Table__________________________________________________________________________Recovery of fluorine in percent and steam use efficiency ratio      Reaction Temperature                More than 1000                          More than 1100      900 to not more                to not more than                          to not more thanProportion of steam      than 1000 C                1100 C                          1200 C                                    Above 1200 Cin steam-air mixture      Fluorine           Steam                Fluorine                     Steam                          Fluorine                               Steam                                    Fluorine                                         Steamin % by volume      recovery           use eff.                recovery                     use eff.                          recovery                               use eff.                                    recovery                                         use eff.__________________________________________________________________________45 to not morethan 50    53%  24   74%  17   88%  15   98%  13More than 50 tonot more than 55      56%  25   71%  20   84%  17More than 55 tonot more than 60      48%  32   79%  19   84%  18Above 60   61%  29   77%  23   81%  21__________________________________________________________________________

For each of the temperature ranges cited in the Table, it is meant that the reaction was carried out between the lower and upper limits. Due to the nature of the reaction, it was virtually impossible to hold an absolutely steady temperature and, therefore, the upper and lower limits of the temperature range between which the reaction was carried out for each test are listed in the Table. Similarly, with respect to the proportion of the steam in the steam-air mixture, the limits indicate the range within which the proportion of steam was held since again it is virtually impossible to maintain an exact percentage of steam.

In each of the tests cited in the Table, the fluorine-containing carbonaceous material was maintained on the fluidized bed and the pyrohydrolysis reaction was carried out for a period of approximately one hour. It will be understood that since this is a continuous reaction, some of the particles may have been retained on the fluidized bed for a period less than 1 hour and some may have been maintained on the bed for a period of more than 1 hour but the average retention time was approximately 1 hour.

As can be seen from the above table the continuous process of the present invention yields a high percentage recovery of fluorine without a correspondingly high proportion of steam and poor steam use efficiency as is required with prior art processes. This higher recovery with lesser proportion of steam and lower consumption of steam per kilogram of fluorine recovered are important economical advantages. Additional economic advantage with the continuous process of the present invention is that there is no expensive downtime for emptying ash and dust from the reactor.

It is pointed out that the fluorine recovery or yield varies non-linearly with respect to the increase in the proportion of steam in the steam-air mixture for the temperature ranges above 1000 C. For example, in the temperature range of from more than 1000 to not more than 1100 C, the steam proportion is varied from 45 to not more than 60 percent and the yield varies from 74 to 71 to 79 percent; and in the temperature range of from more than 1100 to not more than 1200 C, the steam proportion is again varied from 45 to not more than 60 percent and the yield varies from 88 to 84 to 84 percent. It is seen that the yield varies non-linearly over the two temperature ranges set forth regardless of the specific steam proportion chosen within the range set forth. The steam use efficiency similarly varies non-linearly with respect to increased steam proportion.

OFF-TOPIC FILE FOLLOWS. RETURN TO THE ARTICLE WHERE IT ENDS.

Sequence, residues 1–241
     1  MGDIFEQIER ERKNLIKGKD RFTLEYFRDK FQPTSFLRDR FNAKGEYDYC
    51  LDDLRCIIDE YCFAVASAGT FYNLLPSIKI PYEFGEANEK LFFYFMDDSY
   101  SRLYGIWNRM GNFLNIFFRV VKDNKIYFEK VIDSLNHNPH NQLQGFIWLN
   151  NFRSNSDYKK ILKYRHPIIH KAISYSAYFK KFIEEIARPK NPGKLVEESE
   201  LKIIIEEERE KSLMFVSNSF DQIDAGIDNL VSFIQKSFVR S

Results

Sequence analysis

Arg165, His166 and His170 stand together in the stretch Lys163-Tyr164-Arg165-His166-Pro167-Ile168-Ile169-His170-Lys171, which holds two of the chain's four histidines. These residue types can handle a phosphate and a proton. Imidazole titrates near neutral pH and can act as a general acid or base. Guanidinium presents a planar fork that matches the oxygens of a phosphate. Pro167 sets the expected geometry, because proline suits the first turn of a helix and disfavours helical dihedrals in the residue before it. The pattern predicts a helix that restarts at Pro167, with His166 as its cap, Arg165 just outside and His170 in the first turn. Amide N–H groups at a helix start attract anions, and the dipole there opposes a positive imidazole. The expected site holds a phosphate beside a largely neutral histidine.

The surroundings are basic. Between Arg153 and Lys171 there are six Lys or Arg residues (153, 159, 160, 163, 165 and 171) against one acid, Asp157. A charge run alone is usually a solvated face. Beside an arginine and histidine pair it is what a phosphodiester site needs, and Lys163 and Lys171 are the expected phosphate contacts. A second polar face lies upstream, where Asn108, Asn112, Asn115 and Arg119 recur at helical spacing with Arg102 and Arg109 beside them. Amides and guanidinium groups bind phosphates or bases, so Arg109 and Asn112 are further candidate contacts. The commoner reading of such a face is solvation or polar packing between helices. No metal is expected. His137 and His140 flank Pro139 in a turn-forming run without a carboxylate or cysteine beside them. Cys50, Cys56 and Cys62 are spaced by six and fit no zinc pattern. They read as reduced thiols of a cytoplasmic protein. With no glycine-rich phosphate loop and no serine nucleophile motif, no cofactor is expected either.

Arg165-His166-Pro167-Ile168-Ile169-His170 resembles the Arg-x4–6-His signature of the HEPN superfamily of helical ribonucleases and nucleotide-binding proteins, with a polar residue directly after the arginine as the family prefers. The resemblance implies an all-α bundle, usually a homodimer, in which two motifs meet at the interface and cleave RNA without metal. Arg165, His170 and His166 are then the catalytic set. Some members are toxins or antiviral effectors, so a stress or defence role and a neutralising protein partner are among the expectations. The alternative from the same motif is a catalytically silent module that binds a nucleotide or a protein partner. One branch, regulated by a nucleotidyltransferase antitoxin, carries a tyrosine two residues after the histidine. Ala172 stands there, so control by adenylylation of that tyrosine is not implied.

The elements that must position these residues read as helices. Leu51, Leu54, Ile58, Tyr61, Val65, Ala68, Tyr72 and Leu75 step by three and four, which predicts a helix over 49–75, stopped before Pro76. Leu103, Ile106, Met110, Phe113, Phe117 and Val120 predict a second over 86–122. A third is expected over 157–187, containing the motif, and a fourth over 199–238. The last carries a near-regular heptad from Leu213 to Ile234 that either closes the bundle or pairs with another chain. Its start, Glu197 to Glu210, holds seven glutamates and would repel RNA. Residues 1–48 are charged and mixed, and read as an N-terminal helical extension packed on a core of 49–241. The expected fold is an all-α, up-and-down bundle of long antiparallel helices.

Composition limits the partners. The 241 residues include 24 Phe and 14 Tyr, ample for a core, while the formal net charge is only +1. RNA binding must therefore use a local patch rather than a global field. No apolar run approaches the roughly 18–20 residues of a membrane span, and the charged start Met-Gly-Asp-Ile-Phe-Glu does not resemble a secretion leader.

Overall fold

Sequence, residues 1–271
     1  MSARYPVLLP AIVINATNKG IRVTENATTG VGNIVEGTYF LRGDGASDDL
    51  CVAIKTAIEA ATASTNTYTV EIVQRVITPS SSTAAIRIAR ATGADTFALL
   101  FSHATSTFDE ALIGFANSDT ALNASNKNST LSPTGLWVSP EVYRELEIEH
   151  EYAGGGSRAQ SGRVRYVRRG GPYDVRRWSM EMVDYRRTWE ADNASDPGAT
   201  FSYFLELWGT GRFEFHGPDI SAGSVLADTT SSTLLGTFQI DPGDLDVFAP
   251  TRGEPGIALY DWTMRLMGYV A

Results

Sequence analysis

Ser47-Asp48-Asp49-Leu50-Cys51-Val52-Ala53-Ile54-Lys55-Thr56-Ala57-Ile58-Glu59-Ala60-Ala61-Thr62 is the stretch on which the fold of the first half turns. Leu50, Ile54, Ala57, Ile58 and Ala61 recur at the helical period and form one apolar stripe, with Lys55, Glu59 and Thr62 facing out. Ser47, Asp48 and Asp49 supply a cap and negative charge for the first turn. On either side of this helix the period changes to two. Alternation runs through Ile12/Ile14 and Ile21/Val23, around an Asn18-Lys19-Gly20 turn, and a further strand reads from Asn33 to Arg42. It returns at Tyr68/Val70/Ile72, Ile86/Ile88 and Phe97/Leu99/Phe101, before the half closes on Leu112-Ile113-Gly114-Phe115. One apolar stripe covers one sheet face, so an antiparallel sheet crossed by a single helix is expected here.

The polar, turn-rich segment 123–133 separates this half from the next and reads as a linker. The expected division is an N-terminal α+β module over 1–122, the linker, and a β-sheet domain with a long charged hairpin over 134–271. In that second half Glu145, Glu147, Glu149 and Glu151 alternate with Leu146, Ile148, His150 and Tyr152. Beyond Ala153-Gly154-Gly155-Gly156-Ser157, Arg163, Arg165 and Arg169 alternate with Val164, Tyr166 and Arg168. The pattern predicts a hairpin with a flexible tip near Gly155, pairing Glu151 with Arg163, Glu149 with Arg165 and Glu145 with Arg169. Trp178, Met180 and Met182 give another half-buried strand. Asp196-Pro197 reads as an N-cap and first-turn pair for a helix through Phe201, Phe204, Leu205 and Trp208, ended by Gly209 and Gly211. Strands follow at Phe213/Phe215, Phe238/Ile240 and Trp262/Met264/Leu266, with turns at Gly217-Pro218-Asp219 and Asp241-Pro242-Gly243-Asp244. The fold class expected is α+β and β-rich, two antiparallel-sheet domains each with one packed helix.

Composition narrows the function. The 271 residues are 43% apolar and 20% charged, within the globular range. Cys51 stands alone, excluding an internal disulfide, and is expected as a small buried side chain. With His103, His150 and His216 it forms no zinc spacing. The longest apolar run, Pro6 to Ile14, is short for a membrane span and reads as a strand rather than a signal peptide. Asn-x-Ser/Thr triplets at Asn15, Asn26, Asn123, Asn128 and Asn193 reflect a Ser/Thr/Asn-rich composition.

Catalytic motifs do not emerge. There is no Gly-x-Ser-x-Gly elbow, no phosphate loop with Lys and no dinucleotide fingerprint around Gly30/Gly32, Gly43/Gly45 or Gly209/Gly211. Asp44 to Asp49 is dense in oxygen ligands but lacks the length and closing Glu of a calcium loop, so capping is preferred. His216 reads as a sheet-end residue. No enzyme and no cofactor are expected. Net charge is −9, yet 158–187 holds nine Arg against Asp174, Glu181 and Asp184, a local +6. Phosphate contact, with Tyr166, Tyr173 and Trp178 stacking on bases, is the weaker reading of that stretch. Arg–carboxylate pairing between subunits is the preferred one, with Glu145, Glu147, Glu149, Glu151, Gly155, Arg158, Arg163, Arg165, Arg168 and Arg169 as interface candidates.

The advantages of the present invention, as well as certain changes and modifications of the disclosed embodiment thereof, will be readily apparent to those skilled in the art. It is the applicant's intention to cover by his claims all those changes and modifications which could be made to the embodiment of the invention herein chosen for the purposes of the disclosure without departing from the spirit and scope of the invention.

Patent Citations
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US2686151 *Dec 16, 1950Aug 10, 1954Standard Oil Dev CoRecovery of hydrogen fluoride from the regeneration gases of a catalytic cracking process
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Referenced by
Citing PatentFiling datePublication dateApplicantTitle
US4158701 *Nov 6, 1978Jun 19, 1979Kaiser Aluminum & Chemical CorporationPyrohydrolysis system for processing fluorine-containing spent and waste materials
US4294816 *Oct 17, 1980Oct 13, 1981Vereinigte Aluminium-Werke AktiengesellschaftProcess for producing hydrogen fluoride from fluorine containing materials by continuous pyrohydrolysis
US4310501 *Jul 9, 1980Jan 12, 1982Metallgesellschaft A.G.Process for producing hydrogen fluoride
US4444740 *Feb 14, 1983Apr 24, 1984Atlantic Richfield CompanyMethod for the recovery of fluorides from spent aluminum potlining and the production of an environmentally safe waste residue
US4735784 *Jul 11, 1986Apr 5, 1988Morrison-Knudsen Company, Inc.Method of treating fluoride contaminated wastes
US4900535 *Nov 18, 1987Feb 13, 1990Comalco Aluminum LimitedRecovery of fluoride values from waste materials
US5269967 *Jan 5, 1990Dec 14, 1993Achgill Robert FProcess for mitigating chemical aerosol clouds
CN102923664BNov 27, 2012Aug 27, 2014福州大学Method for producing hydrogen fluoride by virtue of gas-solid-liquid associative reaction method
EP0022591A1 *Jun 30, 1980Jan 21, 1981Metallgesellschaft AgProcess for preparing hydrogen fluoride
EP0465388A1 *Jul 2, 1991Jan 8, 1992Aluminium PechineyProcess for the treatment of spent potlinings from Hall-Heroult electrolytic cells by thermal shock
WO1994022604A1Apr 5, 1994Oct 13, 1994Ausmelt LtdSmelting of carbon-containing material
Classifications
U.S. Classification423/483, 423/484, 423/488, 423/111
International ClassificationC01B7/19, C01B7/20
Cooperative ClassificationC01B7/191, C01B7/20
European ClassificationC01B7/19B, C01B7/20